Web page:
Coming up with character names is, as the master Charles Dickens probably knew, one of the most fun aspects of writing. Unlike real life, where you’re named long before your identity is formed, you have the chance to give someone a handle that reflects their personality. Villains can be named “Uriah Heep”; plucky young urchins can be “Pip” or “The Artful Dodger”; Doomed girls can be “Little Nell.” For a current master of this sort of thing, check out the films of Larry Blamire (for example, in The Lost Skeleton of Cadavra his alien couple is named “Kro-Bar” and “Lattis.”).
But sometimes naming gets…tricky. As I’ve said elsewhere, I first invented my Eddie LaCrosse character in high school, except back then I named him “Devaraux LaCrosse.” It was my attempt to play the high-fantasy, high-falutin’ name game so prevalent in the genre of the time. My villain, who ultimately bore the much more reasonable monicker “Andrew Reese,” was then known as “Kakorian Shay.” Now, there’s nothing inherently wrong with these ten-dollar names, I suppose, and perhaps a better writer could’ve made them work. But my bad guy certainly benefitted from a more normal name, and my hero never truly came alive for me until he started answering to the much less grandiose “Eddie.”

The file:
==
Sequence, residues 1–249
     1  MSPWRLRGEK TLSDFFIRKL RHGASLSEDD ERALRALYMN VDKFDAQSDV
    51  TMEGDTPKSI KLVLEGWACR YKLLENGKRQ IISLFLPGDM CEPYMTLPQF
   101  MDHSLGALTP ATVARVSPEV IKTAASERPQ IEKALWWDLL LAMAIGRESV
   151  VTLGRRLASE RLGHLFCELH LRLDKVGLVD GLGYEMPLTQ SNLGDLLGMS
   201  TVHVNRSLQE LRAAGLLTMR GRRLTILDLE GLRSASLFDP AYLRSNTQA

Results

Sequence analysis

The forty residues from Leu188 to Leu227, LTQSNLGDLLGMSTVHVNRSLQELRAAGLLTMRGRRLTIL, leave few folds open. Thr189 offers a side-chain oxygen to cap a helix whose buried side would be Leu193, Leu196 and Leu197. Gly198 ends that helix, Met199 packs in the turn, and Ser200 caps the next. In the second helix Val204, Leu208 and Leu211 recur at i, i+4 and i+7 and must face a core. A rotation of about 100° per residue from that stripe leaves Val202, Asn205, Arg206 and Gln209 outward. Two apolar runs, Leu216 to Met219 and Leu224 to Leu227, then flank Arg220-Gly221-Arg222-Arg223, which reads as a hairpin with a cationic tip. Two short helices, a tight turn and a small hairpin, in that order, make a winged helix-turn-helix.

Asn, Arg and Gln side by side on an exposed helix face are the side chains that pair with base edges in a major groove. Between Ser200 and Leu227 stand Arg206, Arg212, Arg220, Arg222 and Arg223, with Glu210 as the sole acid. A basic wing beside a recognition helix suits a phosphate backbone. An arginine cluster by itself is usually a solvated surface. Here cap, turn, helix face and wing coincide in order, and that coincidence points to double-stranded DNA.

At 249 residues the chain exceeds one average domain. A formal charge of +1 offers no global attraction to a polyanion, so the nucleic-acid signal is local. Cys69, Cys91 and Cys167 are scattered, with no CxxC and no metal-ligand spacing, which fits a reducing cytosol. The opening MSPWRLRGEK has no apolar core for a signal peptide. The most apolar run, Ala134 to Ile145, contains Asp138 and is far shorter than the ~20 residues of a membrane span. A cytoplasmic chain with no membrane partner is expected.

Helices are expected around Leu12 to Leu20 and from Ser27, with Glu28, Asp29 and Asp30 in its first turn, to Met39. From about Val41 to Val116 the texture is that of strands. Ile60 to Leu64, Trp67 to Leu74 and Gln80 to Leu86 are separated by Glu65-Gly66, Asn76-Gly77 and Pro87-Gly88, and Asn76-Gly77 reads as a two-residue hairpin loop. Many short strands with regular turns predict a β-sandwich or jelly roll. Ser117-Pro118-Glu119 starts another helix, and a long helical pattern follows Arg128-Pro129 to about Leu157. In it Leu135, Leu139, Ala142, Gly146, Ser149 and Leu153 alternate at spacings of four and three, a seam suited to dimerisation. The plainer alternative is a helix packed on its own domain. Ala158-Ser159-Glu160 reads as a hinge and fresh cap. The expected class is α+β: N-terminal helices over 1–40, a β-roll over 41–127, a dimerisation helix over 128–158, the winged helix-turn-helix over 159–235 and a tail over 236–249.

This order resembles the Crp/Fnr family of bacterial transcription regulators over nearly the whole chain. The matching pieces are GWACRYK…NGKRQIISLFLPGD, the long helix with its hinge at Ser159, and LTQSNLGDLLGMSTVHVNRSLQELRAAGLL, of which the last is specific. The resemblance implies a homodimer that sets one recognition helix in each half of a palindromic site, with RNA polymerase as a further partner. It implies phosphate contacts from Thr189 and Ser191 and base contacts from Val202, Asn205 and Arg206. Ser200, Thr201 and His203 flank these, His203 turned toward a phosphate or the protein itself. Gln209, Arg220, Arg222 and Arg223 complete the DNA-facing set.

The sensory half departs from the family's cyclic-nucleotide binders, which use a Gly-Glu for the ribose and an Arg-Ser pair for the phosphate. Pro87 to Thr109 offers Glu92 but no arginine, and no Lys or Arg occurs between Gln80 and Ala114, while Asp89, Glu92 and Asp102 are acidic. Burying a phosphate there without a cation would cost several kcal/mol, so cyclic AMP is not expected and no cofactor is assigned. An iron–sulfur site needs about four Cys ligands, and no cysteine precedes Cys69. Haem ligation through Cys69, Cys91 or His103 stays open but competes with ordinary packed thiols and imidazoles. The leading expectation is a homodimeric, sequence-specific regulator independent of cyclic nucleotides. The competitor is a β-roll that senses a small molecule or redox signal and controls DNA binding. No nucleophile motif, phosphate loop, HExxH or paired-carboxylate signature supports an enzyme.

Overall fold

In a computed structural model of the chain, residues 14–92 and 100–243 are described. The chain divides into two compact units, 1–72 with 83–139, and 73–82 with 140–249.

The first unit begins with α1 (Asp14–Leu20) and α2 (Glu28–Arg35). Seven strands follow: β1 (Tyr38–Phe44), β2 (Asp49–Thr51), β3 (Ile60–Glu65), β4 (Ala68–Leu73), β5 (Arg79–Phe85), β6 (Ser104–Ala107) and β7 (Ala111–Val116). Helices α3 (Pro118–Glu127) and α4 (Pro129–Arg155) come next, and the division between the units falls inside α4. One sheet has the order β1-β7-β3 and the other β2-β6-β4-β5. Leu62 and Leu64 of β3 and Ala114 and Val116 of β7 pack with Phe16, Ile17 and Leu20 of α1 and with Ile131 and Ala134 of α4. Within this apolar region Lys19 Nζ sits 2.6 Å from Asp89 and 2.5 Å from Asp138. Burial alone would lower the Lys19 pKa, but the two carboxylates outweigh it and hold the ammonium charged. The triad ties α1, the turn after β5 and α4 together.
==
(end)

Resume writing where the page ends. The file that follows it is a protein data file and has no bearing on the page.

In another, so far unfinished work, I used a placeholder name for the heroine, simply because I didn’t want to stop writing long enough to think of the right one. “Bailey Nichols” was a play off a character from WKRP in Cincinatti, Bailey Quarters (Quarters/Nichols, quarters/nickles, get it?). There was no reason for this association within my story, which is a Southern Grand Guignol set during the eighties; consciously at least, it was entirely arbitrary. But as I worked on it, the name “Bailey Nichols” suddenly seemed to fit. I can’t say for sure if it was merely the familiarity of repetition, but I was no longer able to think of her under any other name. So Bailey Nichols she remains.
Sometimes names present themselves, and there’s no question they’re right. Fauvette, the heroine of Blood Groove, was named after the song of the same name by Duncan Browne, whose music accompanied my writing process. She never had another name. The same with Bronwyn, protagonist of my upcoming novel The Hum and the Shiver. However, the names of the vampire sisters in The Girls with Games of Blood, Prudence and Patience, were arrived at by a deliberate process of pairing up names in search of ones that looked, sounded and felt right.
I started thinking about these issues after reading about another writer, Chelsea Main, whose critique group recommended she change the name of her protagonist. It turns out my response to “Bailey Nichols” wasn’t unique. Chelsea said, “To me, names are not arbitrary labels for my characters. Names carry meaning and symbolism. The feel of a name says a lot about a character’s personality to me. Choosing the correct name is a big deal – and letting go of one I’ve become attached to is not easy.”
So what are your favorite character names, both from other’s work and, if applicable, your own? Everyone who replies here will have a shot at my last remaining ARC of Dark Jenny.
*Full quote: “Every human being has hundreds of little people living under his skin. The talent of a writer is his ability to give them their separate names.” (Mel Brooks)